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Let's say I have a 100 liter container of water. I extract 10 liters of water, and replace it with 10 liters of juice. Now, the container is now 10% juice / 90% water.

I can keep repeating this to increase the percentage of total juice (Extract 10 liters of mixture, and replace with 10 liters of pure juice)

So, for round two, extracting 10 liters means there are 90 liters left of 90% solution (1 part juice, 9 parts water). (90 liters)(.9) = 81 liters of water. 9 liters of juice. I have removed 10 liters (1 liter juice, 9 liters water) I now replace this with 10 liters of juice. Total of 9+10 = 19 liters of total juice. So, after doing this a 2nd time, I have 19% juice.

If I do this a 3rd time, I remove 10 liters, and the remaining 90 liters have (90)(.81)=73 liters of water and 17 liters of juice (total 90 liters). Replace with 10 liters of juice = 27 liters of juice. 27% juice.

1) How many times do I need to do this to have 90% juice?

2) Is there a general formula that can determine percentage of fluid #2 as a function of number of extract/refill cycles completed?

3) Is there a general formula that can determine how many extract/refill cycles are needed to attain x% of fluid #2?

Also, what would be the correct tag for this question? What category of math is this called? Mixture problem?

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up vote 1 down vote accepted

Suppose that we start with $1$ litre of water, and each time remove a proportion $p$ of the liquid, and replace it with juice. Instead of working directly with the amount of juice, it is much nicer to work instead with the amount of water.

Let $Y_n$ be the amount of water in the container after $n$ replacements. Note that $Y_0=1$.

In general, on the $(n+1)$-th removal, we remove a proportion $p$ of the liquid, and hence of the water, leaving an amount $(1-p)Y_n$ of water. Then we add an amount $p$ of juice, but that does not affect the amount of water in the jug. This gives us the recurrence $$Y_{n+1}=(1-p)Y_n$$ Thus at each iteration, the amount of water decreases by a factor $1-p$. It follows that $$Y_n=(1-p)^n.$$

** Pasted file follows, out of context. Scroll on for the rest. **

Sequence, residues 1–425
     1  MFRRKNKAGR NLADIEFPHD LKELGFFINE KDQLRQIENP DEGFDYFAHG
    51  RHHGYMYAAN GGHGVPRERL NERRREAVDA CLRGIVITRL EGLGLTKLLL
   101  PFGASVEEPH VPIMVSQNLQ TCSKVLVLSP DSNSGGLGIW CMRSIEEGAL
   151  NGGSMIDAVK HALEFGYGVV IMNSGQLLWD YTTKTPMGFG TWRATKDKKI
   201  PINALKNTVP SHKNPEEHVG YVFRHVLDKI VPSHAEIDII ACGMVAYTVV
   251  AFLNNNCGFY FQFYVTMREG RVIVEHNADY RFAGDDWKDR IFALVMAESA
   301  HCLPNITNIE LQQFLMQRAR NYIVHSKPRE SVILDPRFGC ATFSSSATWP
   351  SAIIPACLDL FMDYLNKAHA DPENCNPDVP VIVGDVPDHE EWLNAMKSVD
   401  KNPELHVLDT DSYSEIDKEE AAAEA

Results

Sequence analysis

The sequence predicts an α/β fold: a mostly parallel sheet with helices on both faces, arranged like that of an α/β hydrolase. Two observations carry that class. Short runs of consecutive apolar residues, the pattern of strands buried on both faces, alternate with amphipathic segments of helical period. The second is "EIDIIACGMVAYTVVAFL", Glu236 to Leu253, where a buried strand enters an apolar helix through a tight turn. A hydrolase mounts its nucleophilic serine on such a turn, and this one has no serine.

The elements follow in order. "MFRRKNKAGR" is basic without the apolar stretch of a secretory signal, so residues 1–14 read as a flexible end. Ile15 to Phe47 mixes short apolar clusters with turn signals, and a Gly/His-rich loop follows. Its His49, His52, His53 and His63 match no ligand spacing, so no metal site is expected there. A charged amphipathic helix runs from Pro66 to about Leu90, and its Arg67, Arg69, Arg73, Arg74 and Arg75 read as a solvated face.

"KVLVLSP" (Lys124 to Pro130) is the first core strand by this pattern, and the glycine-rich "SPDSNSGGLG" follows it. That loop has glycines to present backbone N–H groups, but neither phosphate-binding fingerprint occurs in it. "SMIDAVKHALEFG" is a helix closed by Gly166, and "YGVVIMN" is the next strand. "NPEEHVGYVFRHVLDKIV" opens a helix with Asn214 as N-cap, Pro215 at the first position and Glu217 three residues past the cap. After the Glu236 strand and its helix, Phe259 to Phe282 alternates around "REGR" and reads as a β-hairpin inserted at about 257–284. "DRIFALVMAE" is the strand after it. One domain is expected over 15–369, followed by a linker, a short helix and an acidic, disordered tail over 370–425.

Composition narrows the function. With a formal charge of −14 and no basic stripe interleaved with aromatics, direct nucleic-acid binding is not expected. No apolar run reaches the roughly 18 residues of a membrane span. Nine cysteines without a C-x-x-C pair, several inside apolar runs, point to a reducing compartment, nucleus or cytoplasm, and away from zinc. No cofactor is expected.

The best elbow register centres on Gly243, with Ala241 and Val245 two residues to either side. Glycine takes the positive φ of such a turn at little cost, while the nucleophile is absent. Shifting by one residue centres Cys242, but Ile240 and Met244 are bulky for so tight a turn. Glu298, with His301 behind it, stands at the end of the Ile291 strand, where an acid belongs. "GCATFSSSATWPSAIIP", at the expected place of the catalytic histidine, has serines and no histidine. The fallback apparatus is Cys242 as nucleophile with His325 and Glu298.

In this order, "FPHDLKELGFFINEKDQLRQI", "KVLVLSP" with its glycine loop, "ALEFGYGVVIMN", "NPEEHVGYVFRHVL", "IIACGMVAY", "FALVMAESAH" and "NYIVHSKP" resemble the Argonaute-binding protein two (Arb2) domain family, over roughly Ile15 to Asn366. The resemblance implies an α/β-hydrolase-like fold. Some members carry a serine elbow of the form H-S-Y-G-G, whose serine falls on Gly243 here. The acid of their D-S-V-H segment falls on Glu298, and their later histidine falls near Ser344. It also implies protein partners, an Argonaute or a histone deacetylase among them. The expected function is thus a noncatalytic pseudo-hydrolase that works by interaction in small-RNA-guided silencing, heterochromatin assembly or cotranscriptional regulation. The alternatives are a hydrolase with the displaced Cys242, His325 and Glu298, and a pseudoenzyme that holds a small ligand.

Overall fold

If $X_n$ is the amount of juice after $n$ iterations, we have $$X_n=1-Y_n=1-(1-p)^n.$$ This answers your Question $2$, except that to get the percentage we need to multiply by $100$.

If the container originally has an amount $A$ of water, and each time we remove a proportion $p$ of the liquid, so an amount $pA$, and replace it with juice, we find that the amount of juice after $n$ iterations is $$A-A(1-p)^n.$$

To answer your Question $1$, we want to know how many iterations are needed until we are $90$ percent juice. Here $p$, the replacement proportion, is $0.1$. And we want to how many iterations are needed until we are $10$ percent water (because $90$ percent juice).

So we want to solve the equation $$(1-0.1)^n=0.1$$ This can be done by trial and error. For these particular numbers, that is perfectly feasible. But in general, we use logarithms, to any base you like. We get $$n \log(0.9)=\log(0.1).$$ My calculator gives $n=21.854345$. Of course, $n$ must be an integer. The conclusion is that $21$ removals are not enough, but $22$ bring us to more than $90$ percent juice.

A general formula can be found in the same way. Suppose that each time we remove a proportion $p$ of the liquid. We want to know how many replacements are needed until the proportion of juice is $x$, meaning that the proportion of water is $1-x$. We need to solve the equation $$(1-p)^n=1-x.$$ Take logarithms. We get $n\log(1-p)=\log(1-x)$, which gives $$n=\frac{\log(1-x)}{\log(1-p)}.$$ This will not in general be an integer, but that is easily dealt with. This answers your Question $3$.

As to the last question, definitely not fluid dynamics!

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André Nicolas, thanks for much for your time, and such a clean, well-written response. I agree it's easier to focus on the % of water left, and simply keep multiplying by .90 – JackOfAll Mar 2 '12 at 0:42

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